Although Louv does not prescribe the benefits of Outside as a tonic for race regeneration, he does focus on the benefits - a very androcentric approach, which totally ignores a deep-ecology or biocentric POV. Humans, and human kids, are what matters here, not the environment per se. I'll go into pick-apart mode here: Louv is basically arguing that human kids will become stronger, more mentally acute, be cured of behavior problems, and probably get better grades and better scores on their SATs, if they go wander into a forest every once in a while. Will driven middle-class parents everywhere now begin scheduling in nature-time for their little babies, to give them every advantage in the race for success? If it doesn't "work", will they stop? Is this any way to create a new environmental paradigm?
Louv's book touches on very complex contemporary environmental issues, such as whether or not religious groups will embrace a movement which they see as embodying some animistic pagan qualities (292) and even cites Jennifer Wolch's idea of the "zoopolis", or the new interpolation of wildlife and natural growth into the city. But his fundamental stance seems unprepared to grapple with the implications of the scope of the topic.
The questions I see arising here include the most basic ones about the aim of our society, including whether or not we believe in equal economic rights (and thus, access to nature) for all children; whether technological education and environmental education can ever go hand in hand; whether we are willing to control capitalism (in the form of development) in order to create an environmentally aware society; and whether the system of labor and settlement brought about by advanced capitalism can be amended so that humans continue to get a good dose of "nature time" when they are young - and whether these humans will be able to maintain their contact with nature once they are working full-time, as are the parents reading this book, or whether they will be so straitened with the need to earn a living that they will not be able to do so. The alienation of childhood from the natural world is not the problem. This is a symptom of the way society is going today, and as such, will not be "fixed" in and of itself, but needs to be viewed as a part of a constellation of larger issues around environmental ethics and human rights.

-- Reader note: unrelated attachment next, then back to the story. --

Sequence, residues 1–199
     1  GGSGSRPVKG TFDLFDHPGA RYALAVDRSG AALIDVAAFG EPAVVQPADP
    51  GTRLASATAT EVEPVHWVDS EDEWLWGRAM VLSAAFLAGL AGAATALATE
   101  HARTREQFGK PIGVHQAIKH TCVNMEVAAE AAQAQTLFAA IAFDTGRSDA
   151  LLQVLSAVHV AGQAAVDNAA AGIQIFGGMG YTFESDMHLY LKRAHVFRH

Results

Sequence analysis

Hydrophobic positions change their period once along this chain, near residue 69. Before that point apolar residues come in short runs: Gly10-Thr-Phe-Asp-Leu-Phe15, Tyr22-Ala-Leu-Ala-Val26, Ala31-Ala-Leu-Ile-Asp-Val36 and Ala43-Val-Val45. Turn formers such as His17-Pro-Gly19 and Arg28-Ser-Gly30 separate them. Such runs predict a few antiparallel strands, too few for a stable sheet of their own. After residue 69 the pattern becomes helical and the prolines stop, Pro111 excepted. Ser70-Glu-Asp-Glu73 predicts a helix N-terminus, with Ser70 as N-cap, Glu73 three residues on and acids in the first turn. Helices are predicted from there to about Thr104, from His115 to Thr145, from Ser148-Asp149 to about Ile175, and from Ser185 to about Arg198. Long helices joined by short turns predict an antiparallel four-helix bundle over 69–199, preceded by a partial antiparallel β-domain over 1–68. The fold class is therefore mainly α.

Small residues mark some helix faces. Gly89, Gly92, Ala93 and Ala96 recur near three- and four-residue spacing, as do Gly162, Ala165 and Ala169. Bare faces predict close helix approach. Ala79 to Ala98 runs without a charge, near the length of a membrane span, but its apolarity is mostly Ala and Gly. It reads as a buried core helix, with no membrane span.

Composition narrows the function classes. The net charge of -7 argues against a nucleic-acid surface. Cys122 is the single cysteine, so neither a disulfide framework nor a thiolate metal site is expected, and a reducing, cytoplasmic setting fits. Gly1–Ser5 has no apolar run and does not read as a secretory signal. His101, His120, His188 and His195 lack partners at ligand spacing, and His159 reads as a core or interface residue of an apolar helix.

Caption text from article by Michael B. Smith, "The Ego Ideal of 'The Good Camper' and the Nature of Summer Camp", Environmental History, January 2006 (link): "Boys at Camp Dudley, the first YMCA camp in the country, learn the finer points of axmanship, a skill intended to reconnect them with both nature and the "good life" of their frontier forbearers. As critics of this romantic construction of both nature and American history would later point out, learning to use an ax did not in itself prepare children very well for life in a modern city or suburb. (Courtesy of the YMCA of the USA and the Kautz Family YMCA Archive, University of Minnesota.)"
Books to follow up on:
The American Boys' Handy Book, written by Daniel Carter Beard (of the Boy Scouts) at the turn of the century, was reissued in a centennial edition in 2003 - a circumstance I find fascinating.
Eva, my friend who teaches elementary school, recommended this one. Which reminds me that Eva; my sister Sarah, who teaches pre-K kids; and my friend Mira, who is considering going into environmental education, are all intensely concerned about the issues Louv brings up. But Eva and Sarah are criminally underpaid, and Mira will be, if she goes through with her plan. Are Americans ready to consider environmental education as something CENTRAL to childhood, not a frill to be cut as soon as the budget gets tight? If they aren't ready, why? Is it because we still think of it as something that should take place organically (ha), in the bosom of the family (or in the backyard of the family, rather), like it used to? And if it doesn't take place organically, is it still as effective? Can a kid "discover" something s/he has been pointed towards?